Here we see shunter Joseph Hayles injured on 30 October 1924. He was coupling two cars using a pole, but still ended up between the vehicles, where his chest was crushed. Inspector JLM Moore found Hayles had failed to exercise ‘proper care for his own safety’ (1924 Quarter 4, Appendix B). Over the next three years, five further accidents were investigated, including a single incident which injured three men on 27 February 1925. In terms of the types of accidents, they don’t seem to share common characteristics; whether there were issues in terms of safety culture wasn’t something clearly revealed in the reports.
We see accidents in relation to the underground companies appearing in the database until April 1933 – when they, and other transport organisations, became a part of the London Passenger Transport Board. The LPTB goes on to feature a further 33 times in the database.
Earlier in the post we talked about railway companies in Britain. This was deliberate. The situation in Northern Ireland was quite distinct, not least as there was an international border crossed by railway lines. Grouping was never going to be a simple operation anywhere, but particularly not on the island of Ireland. Whilst it made sense (in the context of industry reorganisation) to merge contiguous lines/ companies, that logic didn’t apply to the routes and companies in what became Northern Ireland.
It isn’t quite accurate to say that the railway Grouping didn’t affect Northern Ireland. British pre-Grouping railway companies like the Midland Railway had interests in Irish and Northern Irish railways. These interests effectively transferred to their successor company – the LMS, and LMS branding did appear in Northern Ireland, albeit in a relatively limited fashion. But the large-scale name changes and rebranding seen in Britain wasn’t experienced in Northern Ireland. By and large, the existing companies continued, like the Great Northern Railway of Ireland and the Belfast and County Down Railway, both of which feature in our database.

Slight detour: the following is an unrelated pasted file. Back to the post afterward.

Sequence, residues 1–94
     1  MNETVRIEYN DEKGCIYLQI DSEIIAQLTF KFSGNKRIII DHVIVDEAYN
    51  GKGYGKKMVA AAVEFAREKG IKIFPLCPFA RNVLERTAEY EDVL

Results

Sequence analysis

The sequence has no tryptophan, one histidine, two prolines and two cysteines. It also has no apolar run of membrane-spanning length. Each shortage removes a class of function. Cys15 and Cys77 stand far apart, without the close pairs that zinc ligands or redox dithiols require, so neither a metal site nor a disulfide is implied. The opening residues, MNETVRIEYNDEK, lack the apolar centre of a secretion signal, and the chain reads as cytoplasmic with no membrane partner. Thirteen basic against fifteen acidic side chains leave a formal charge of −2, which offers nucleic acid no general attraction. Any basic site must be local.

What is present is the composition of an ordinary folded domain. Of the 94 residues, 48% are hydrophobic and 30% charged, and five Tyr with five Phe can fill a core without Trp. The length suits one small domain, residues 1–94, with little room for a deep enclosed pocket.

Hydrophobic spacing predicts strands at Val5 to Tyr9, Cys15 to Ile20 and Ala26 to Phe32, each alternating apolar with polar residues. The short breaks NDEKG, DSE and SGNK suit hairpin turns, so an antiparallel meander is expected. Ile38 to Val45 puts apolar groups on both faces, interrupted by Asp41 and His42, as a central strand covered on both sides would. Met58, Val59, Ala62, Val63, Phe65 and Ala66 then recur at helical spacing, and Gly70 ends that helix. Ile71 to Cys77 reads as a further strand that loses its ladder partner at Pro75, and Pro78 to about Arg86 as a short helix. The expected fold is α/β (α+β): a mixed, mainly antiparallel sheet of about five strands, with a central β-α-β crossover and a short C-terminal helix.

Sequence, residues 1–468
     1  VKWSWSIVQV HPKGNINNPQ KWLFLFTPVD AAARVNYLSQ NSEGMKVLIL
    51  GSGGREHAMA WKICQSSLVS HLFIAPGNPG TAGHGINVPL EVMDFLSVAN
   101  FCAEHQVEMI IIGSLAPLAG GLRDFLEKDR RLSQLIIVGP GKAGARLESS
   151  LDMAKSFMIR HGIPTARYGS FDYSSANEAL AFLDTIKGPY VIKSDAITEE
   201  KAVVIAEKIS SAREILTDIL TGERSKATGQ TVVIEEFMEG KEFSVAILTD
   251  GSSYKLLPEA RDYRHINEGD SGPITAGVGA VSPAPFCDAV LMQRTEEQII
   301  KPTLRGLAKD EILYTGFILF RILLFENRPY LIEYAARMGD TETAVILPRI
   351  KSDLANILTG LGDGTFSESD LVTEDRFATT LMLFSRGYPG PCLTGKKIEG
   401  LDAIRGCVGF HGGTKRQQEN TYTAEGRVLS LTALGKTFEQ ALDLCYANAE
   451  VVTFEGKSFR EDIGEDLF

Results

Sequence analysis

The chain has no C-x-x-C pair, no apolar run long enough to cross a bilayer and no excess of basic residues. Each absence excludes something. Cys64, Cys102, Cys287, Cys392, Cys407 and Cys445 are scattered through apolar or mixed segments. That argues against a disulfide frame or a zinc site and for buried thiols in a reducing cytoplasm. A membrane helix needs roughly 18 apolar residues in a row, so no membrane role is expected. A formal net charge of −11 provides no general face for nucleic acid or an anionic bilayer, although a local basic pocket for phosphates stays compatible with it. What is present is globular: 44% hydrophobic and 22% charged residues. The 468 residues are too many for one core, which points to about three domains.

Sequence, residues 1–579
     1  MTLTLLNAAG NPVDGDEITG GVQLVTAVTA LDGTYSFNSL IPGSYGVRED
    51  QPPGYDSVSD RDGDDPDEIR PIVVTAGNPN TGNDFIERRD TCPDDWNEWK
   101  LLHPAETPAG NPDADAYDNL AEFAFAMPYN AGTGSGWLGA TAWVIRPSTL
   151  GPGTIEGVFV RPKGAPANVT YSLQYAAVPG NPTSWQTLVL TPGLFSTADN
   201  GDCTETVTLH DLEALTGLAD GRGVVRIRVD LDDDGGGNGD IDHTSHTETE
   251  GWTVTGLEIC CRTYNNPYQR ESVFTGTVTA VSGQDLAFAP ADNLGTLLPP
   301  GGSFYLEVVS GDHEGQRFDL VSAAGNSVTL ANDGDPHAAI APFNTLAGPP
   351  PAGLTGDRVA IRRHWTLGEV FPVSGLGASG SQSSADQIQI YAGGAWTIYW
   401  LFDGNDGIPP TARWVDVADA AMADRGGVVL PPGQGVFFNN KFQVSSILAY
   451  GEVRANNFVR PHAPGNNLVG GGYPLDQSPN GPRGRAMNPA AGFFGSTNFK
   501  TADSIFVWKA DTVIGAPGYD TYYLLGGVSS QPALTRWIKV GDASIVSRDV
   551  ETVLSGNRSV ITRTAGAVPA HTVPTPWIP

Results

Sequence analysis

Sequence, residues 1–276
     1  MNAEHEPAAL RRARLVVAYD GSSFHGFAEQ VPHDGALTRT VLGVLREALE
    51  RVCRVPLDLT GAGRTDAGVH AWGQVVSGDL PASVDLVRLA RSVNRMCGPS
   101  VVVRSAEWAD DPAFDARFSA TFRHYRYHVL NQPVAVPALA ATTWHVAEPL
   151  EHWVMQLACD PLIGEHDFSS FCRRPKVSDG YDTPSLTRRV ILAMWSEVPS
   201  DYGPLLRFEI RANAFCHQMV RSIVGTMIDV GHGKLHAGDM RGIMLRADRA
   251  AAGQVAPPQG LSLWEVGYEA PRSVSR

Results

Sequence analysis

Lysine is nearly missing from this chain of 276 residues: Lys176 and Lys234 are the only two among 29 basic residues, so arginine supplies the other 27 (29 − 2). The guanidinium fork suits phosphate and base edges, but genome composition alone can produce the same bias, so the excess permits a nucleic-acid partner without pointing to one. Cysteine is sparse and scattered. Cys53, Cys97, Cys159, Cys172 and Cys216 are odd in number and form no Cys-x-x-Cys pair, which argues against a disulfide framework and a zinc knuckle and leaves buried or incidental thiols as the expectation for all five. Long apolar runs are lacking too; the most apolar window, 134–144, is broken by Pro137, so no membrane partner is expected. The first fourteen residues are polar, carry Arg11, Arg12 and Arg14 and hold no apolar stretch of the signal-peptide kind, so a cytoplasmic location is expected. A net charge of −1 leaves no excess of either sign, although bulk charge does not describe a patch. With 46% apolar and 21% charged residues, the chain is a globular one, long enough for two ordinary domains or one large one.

This means that on 18 November 1924, we see milesmen (track workers) RA Taylor and WB Taylor of the Belfast and County Down Railway involved in an accident at Belfast. They were ensuring the level of the ballast (the stone chippings) under the sleepers (the wooden cross-pieces the rails sit upon) was correct. They moved out of the way of an approaching train, but were distracted and didn’t see a train moving out of a siding. This train knocked them down, though at relatively low speed – this type of incident frequently led to fatalities, but in this case both men were ‘somewhat severely injured.’ The investigation, by Inspector JLM Moore, found that the men should have moved clear of all lines, and that the crew of the train that hit them should have kept a better lookout (1924 Quarter 4, Appendix B). Were the men related? It’s impossible to say for sure, but it’s certainly a possibility.
Northern Ireland is relatively poorly served, in terms of accident reports. Only six cases appear. This will not be because the railways were exceptionally safe for staff. The accidents will have happened – but they weren’t investigated: why not? Was it the distance from London? Indeed, after 1925, no further accidents in Northern Ireland appear in our database. This means the railway inspectors didn’t investigate any further staff accidents here. Why not? Was there some sort of local arrangement in place, sharing responsibilities with whichever state organisation investigated railway staff accidents in Ireland? This seems unlikely, however. It would be excellent to understand this more.
All told, then, we can see a number of ways in which thinking about Grouping in 1923 doesn’t tell us the full story of the UK railway industry. Getting at the detail, including around accidents, via our database, is crucial.
In next week’s post, we take a look at some of the less standard railway companies and systems that appear in our database and which were also not Grouped in 1923.